My advice to Demz when it comes to Repug Talking Points is to do what the blonde lady on Mad T.V. does..close your eyes, cover your ears and say lalalalalalalalalala but whatever you do not listen. consider it a Siren’s song….


  7. David says:

    I have long been curious what really makes a campaign tick, why some work and some don’t (factors other than the blind-assed luck phenomenon, like that damned butterfly ballot in Florida that denied Gore 3,000 votes and the presidency – to America’s unimaginable bad luck). I think you must be right, especially the “seat of the pants” component.
    Obama’s coup with the three networks for his foreign policy globetrotting, for instance. Who would have been responsible for that, and at what point would they have realized this was a really smart thing to do? Would it have been organic to the campaign, or something someone realized brainstorming? And how much of each is there in a successful campaign (I still consider Gore’s campaign ultimately successful, because he did win, but not by a foible-proof margin). Didn’t you say you worked in Kerry’s campaign? I also think Kerry likely actually won. Ohio ’04 was all of the shennanigans of Florida ’00, but even more so, and with more prolonged, more effective strategies. Florida was ultimately the fickle finger of fate, whereas Ohio was just the finger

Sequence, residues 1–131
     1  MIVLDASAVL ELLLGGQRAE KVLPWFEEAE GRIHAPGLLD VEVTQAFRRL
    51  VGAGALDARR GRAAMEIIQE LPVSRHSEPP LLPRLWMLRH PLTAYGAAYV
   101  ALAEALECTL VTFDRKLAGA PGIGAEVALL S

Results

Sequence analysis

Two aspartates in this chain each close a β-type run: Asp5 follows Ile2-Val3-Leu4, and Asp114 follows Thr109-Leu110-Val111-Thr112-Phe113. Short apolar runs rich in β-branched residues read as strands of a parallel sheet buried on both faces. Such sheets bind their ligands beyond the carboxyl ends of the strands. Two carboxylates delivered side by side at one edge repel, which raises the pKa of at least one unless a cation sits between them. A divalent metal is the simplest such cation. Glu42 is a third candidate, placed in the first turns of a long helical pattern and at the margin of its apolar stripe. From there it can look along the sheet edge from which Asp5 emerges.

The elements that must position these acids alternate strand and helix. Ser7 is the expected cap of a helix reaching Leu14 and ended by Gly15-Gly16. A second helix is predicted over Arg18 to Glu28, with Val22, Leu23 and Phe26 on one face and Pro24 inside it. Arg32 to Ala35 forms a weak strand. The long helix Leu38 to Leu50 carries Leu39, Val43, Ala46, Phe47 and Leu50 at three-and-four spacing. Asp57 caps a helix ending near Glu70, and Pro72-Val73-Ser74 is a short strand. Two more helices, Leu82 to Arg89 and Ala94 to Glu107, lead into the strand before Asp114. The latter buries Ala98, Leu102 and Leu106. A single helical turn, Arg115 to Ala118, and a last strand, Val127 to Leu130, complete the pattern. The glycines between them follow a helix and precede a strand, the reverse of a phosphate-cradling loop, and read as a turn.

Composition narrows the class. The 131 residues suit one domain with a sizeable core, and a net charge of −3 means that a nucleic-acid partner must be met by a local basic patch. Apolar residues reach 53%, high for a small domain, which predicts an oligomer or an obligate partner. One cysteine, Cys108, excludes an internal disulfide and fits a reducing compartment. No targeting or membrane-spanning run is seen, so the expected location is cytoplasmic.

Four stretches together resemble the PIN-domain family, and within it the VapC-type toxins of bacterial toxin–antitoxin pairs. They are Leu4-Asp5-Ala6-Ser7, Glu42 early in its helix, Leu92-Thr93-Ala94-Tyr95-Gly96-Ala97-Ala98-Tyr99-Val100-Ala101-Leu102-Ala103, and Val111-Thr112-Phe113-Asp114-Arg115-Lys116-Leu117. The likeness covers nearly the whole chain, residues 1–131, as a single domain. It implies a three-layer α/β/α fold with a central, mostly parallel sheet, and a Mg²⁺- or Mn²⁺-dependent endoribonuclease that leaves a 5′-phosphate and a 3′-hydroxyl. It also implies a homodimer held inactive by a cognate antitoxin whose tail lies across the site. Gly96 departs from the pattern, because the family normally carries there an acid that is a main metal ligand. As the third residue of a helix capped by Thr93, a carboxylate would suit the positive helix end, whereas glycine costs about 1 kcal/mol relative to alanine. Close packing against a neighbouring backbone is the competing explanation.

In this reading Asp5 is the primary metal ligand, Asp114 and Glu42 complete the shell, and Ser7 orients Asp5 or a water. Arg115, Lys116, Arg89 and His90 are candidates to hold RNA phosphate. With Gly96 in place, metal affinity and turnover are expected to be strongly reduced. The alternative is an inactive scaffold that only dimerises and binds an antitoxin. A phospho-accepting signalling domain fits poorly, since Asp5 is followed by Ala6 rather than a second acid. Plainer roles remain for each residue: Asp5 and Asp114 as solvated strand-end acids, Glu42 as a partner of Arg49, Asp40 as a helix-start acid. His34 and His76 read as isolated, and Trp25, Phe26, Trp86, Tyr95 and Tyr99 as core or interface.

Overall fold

8. Kathleen says:

    No matter how many so-called ‘”advisors”‘ a candidate has acquired, every candidacy begins and ends with a tiny corps of people who hatched the campaign and whose judgment the candidate trusts… it’s like being in a Vonnegut karass… everyone is on the same wave-length 24/7, till the reuslts are in. Other people are “on board”, but it’s always the original few who make the value judgments on what course to take and which tack to take to get you there. For all the research and thought put into it, it ends up being a “seat of the pants” thing. There has to be that bond between the candidate and those who gave the candidacy life.


  9. Tahoe Editor says:

    Obama’s albatross


  10. PissedOffAmerican says:

    I wonder how Obama’s “team” is reacting to Petreaus’ statement that Al Qaeda is diverting assets, (manpower) to the “Afghanistan frontier”, and that Iraq is no longer their main front.
    You know, you read this crap, and the only conclusion that can be reached is that these lyin’ sacks of shit like Bush, Cheney, and Petreaus think we are all idiots.
    Gee, it must just be a coinkydink that Petreaus’ latest bit of message force multiplication dovetails so sweetly with Obama’s latest ruminations, eh?
    Endless war seems to be a construct of BOTH sides of the aisle, eh? Maybe, just maybe, that aisle is just an illusion to make us all think there is a separating gap between the seats?
    You think?
    Bear in mind, America, no matter which box you put your checkmark in, you just voted for war. There ain’t no White Knights. The media erased them, months ago.


  11. MarkL says:

    So Obama is using advisers much like Bush did in 2000, and this is a good sign?!